This relatively basic method calculates a figure based on valuations of similar businesses – in terms such as size, sector and location – that are available in the public domain
How can I secure a realistic valuation?
You can maximize your business valuation and eventual sale price by improving the business beforehand. You can do this by using appropriate valuation techniques and being strategic about how you market your business and negotiate a deal.
Precise, accurate and continuous planning is one of the best ways to ensure your business continues to develop and thrive. Keep assessing where you are as a business and anticipate unforeseen circumstances. Getting a valuation is not only about your business's net worth, but also about fine-tuning your business through strategic planning.
Negotiation skills - confidence is key
Before going into the negotiation process, know where your business's weaknesses and strengths lie and what improvements you will need to make. This knowledge will boost confidence in your negotiation skills because you'll have a clearer picture of your business's worth. An accurate valuation can provide these types of granular details.
Remember that you will need to be able to explain how you arrived at your asking price and why the assumptions underpinning your valuation are trustworthy.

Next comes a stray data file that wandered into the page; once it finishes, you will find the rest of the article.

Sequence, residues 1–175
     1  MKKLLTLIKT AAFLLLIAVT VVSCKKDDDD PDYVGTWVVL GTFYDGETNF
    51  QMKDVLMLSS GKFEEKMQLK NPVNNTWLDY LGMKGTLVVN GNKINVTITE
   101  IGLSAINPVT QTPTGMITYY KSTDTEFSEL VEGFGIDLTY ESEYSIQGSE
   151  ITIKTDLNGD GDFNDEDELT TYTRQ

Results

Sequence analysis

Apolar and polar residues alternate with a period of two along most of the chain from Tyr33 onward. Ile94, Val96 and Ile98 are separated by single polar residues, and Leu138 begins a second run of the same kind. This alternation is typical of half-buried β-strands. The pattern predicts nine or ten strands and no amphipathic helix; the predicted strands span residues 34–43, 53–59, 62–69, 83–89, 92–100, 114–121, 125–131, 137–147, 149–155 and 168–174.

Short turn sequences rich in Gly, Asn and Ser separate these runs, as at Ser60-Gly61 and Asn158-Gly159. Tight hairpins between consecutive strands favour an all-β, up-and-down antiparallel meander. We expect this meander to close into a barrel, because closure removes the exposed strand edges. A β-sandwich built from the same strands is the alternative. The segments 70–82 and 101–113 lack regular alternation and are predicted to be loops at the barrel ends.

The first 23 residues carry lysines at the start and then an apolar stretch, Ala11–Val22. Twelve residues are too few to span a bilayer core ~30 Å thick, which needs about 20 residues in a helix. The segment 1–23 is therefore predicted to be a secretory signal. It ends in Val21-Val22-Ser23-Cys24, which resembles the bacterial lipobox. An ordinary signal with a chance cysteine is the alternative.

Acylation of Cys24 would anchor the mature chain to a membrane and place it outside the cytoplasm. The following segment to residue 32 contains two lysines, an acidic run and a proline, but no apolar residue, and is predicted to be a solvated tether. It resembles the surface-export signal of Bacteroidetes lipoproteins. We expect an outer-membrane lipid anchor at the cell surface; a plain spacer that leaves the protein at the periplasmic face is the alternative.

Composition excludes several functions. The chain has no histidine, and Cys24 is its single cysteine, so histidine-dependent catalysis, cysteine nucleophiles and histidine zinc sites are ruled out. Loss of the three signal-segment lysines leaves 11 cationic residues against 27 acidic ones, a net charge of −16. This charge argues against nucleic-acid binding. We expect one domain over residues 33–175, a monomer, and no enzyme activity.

Seek professional advice
When choosing a professional to assist you with your valuation, make sure you find someone with appropriate experience and credentials. The person you enlist should be familiar with your sector and size of business, and their credentials should match your business's needs. Seeking and external expert will be beneficial as they can offer an objective, well informed valuation that boosts credibility to your asking price.
An intrinsic factor that will affect your valuation is the size of your business and the specific product or service you offer. When seeking professional assistance, ensure that person has experience valuing businesses of similar sizes so that you can get a fair market value.
While there are similarities that run through all valuation processes, each sector will have different circumstances. To illustrate the valuation process in practice, we offer some examples of different sectors below.
How to value a gas station
Gas station values are typically appraised using one of three valuation methods.